(Last checked 02/08/17)

    Criminal Justice 2000
    Volume 1: The Nature of Crime: Continuity and Change
    Volume 2: Boundary Changes in Criminal Justice Organizations
    Volume 3: Policies, Processes, and Decisions of the Criminal Justice System
    Volume 4: Measurement and Analysis of Crime and Justice
    To usher in the new millennium, the National Institute of Justice commissioned more than 30 criminal justice professionals to reflect on criminal justice research accomplishments and analyze current and emerging trends in crime and criminal justice practice in the United States. The result is the four-volume series "Criminal Justice 2000," which examines how research has influenced today's policies and practices and how future policies and practices can build on the current state of knowledge. Topics include criminology, drugs and crime, juvenile justice, immigration and crime, domestic violence, community justice, mental illness and the criminal justice system, community policing, sentencing reform, information technology, fear of crime, and court performance.
    (Last checked 02/08/17)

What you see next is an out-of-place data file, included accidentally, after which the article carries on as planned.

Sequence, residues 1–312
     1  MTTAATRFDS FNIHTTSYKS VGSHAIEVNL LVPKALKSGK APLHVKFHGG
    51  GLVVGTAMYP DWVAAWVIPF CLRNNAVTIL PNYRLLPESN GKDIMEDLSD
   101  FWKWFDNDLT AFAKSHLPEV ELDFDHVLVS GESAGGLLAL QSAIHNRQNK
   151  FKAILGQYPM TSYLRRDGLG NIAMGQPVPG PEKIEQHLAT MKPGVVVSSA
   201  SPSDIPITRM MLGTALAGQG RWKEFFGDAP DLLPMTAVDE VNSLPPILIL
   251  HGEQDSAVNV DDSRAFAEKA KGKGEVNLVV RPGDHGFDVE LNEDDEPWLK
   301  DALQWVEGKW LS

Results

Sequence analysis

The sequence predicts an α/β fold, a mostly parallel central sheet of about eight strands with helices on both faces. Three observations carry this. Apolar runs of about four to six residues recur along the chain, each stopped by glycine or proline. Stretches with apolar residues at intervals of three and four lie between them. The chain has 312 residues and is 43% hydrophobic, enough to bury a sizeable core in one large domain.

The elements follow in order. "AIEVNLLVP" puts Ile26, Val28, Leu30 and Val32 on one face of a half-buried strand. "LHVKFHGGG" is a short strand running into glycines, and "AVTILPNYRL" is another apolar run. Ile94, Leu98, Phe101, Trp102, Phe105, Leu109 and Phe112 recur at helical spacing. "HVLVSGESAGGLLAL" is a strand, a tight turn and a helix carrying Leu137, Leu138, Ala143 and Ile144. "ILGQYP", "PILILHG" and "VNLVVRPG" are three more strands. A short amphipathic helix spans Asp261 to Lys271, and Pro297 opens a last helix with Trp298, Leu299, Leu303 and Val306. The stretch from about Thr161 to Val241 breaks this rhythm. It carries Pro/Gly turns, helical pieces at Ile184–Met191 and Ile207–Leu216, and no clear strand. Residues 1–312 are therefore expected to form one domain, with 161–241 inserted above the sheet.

Criminal Profiling Research : Selected Articles
    A compilation by Basel University (Switzerland), in English and German.
    (Last checked 02/08/17)

    Disorder in Urban Neighborhoods:
    Does it Lead to Crime?
    Discussed in this Brief: The link between disorder and crime; specifically, whether manifestations of social and physical disorder, such as public drunkenness, graffiti, and broken windows, lead directly to more serious offenses. The study, part of the long-range Project on Human Development in Chicago Neighborhoods, assesses the "broken windows" thesis and its implications for crime control policy and practice. Author: Robert J. Sampson and Stephen W. Raudenbush. NIJ Research in Brief. February 2001.
    (Last checked 02/08/17)

    Economic and Social Costs of Crime entry from the Encyclopedia of Crime and Punishment, Vol. 2, 2002